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Endoscopic ultrasound-guided biliary drainage versus percutaneous transhepatic biliary drainage after failed endoscopic retrograde cholangiopancreatography: a meta-analysis

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ABSTRACT

The failure rate of endoscopic retrograde cholangiopancreatography for biliary cannulation is approximately 6%–7% in cases of obstructive jaundice. Percutaneous transhepatic biliary drainage (PTBD) is the procedure of choice in such cases. Endoscopic ultrasound-guided biliary drainage (EGBD) is a novel technique that allows biliary drainage by echoendoscopy and fluoroscopy using a stent from the biliary tree to the gastrointestinal tract. Information in PubMed, Scopus, clinicaltrials.gov and Cochrane review were analyzed to obtain studies comparing EGBD and PTBD. Six studies fulfilled the inclusion criteria. Technical (odds ratio (OR): 0.34; confidence interval (CI) 0.10–1.14; p=0.05) and clinical (OR: 1.48; CI 0.46–4.79; p=0.51) success rates were not statistically significant between the EGBD and PTBD groups. Mild adverse events were nonsignificantly different (OR: 0.36; CI 0.10–1.24; p=0.11) but not the moderate-to-severe adverse events (OR: 0.16; CI 0.08–0.32; p≤0.00001) and total adverse events (OR: 0.34; CI 0.20–0.59; p≤0.0001). EGBD is equally effective but safer than PTBD.

No MeSH data available.


PRISMA statement of the study.Abbreviations: PRISMA, Preferred Reporting Items for Systematic Reviews and Meta-Analysis; ERCP, endoscopic retrograde cholangiopancreatographic.
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f1-ceg-10-067: PRISMA statement of the study.Abbreviations: PRISMA, Preferred Reporting Items for Systematic Reviews and Meta-Analysis; ERCP, endoscopic retrograde cholangiopancreatographic.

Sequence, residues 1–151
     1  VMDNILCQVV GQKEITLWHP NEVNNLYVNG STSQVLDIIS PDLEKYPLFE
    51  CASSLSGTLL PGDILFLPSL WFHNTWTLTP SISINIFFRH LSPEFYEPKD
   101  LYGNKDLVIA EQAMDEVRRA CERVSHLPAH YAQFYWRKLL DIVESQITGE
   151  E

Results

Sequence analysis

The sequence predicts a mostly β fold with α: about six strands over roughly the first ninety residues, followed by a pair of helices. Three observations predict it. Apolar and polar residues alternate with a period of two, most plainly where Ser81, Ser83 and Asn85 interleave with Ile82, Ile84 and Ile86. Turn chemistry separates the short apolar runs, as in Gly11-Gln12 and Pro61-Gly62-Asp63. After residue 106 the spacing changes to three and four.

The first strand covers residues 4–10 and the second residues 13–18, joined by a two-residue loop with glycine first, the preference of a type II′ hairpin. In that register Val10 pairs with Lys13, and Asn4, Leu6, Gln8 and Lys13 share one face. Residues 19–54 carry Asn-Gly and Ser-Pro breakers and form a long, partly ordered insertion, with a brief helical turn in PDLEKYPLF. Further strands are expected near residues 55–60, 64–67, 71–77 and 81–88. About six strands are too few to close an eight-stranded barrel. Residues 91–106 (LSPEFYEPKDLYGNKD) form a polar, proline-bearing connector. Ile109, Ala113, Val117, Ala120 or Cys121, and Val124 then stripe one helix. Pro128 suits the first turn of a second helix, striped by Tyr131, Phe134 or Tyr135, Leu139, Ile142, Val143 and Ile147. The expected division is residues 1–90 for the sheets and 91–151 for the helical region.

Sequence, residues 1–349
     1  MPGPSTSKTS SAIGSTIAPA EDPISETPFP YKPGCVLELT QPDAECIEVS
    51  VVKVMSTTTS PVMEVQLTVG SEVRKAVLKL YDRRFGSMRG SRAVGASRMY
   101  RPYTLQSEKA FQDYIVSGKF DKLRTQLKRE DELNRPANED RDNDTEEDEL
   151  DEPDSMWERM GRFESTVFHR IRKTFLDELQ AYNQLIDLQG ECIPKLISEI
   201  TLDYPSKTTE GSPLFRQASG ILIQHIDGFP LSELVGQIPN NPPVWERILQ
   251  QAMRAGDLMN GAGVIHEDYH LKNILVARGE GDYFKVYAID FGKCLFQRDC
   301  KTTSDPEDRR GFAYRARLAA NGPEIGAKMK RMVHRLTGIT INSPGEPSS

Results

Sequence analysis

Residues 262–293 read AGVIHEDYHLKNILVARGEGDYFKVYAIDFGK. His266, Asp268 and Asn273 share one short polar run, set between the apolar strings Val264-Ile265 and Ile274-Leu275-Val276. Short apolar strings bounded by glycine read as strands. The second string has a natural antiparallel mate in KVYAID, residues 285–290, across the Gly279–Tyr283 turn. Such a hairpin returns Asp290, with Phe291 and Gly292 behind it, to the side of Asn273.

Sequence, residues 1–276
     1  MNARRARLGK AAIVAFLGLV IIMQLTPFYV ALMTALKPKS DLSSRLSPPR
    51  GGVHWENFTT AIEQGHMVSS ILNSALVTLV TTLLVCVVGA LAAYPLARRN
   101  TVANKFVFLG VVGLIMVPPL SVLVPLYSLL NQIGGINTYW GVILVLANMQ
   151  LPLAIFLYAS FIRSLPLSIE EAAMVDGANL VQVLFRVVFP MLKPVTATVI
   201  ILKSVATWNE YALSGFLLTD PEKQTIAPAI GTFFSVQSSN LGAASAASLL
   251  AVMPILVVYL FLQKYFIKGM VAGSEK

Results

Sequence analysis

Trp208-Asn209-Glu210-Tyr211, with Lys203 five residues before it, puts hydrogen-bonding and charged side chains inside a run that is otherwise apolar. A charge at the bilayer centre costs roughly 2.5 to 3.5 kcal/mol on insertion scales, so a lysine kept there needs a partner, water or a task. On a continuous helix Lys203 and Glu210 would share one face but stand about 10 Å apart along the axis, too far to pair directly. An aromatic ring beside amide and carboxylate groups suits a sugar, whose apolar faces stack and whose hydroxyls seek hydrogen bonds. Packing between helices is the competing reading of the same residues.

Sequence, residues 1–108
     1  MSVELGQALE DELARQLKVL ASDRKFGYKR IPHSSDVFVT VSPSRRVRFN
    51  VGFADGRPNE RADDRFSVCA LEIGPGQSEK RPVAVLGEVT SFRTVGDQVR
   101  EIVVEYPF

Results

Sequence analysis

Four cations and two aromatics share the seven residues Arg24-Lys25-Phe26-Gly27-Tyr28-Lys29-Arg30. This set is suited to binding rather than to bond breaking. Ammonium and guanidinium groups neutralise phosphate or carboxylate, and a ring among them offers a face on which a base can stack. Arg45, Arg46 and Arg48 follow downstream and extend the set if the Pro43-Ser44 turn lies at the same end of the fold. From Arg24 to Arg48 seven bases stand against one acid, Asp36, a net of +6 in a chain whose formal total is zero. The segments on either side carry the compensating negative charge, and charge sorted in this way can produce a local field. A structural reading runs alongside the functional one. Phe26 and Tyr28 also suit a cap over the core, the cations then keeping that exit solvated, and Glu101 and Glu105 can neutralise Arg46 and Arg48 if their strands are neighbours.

Mentions: The Preferred Reporting Items for Systematic Reviews and Meta-Analysis (PRISMA) statement for reporting meta- analysis and systematic reviews as recommended by the Cochrane Collaborative was used for this meta-analysis (Figure 1).17 A comprehensive electronic literature search was conducted for all the clinical trials on treatment of failed ERCP-guided biliary decompression between the years 2000 and 2016 on PubMed, Scopus, Cochrane library and clinicaltrials.gov using all field “failed ERCP,” all field “Percutaneous biliary drainage” and all field “EUS-guided biliary drainage”; all three search headings were connected with Boolean operator “AND.” Studies published in English comparing EGBD with PTBD in cases of failed ERCP were included. Two hundred and ninety-two articles were found in the database. We included randomized controlled trials (RCTs), retrospective comparative studies and published abstracts reporting at least some adverse events. We excluded prospective non-RCTs, case reports, letters and comments. Studies were also excluded if the sample size was <20. Only human studies were included. A total of six studies met the above-mentioned criteria.4,12–16 Two studies were excluded as they included primary EGBD cases where ERCP was not tried as the primary procedure.18,19 A third study was excluded as they did not include the adverse event profile.20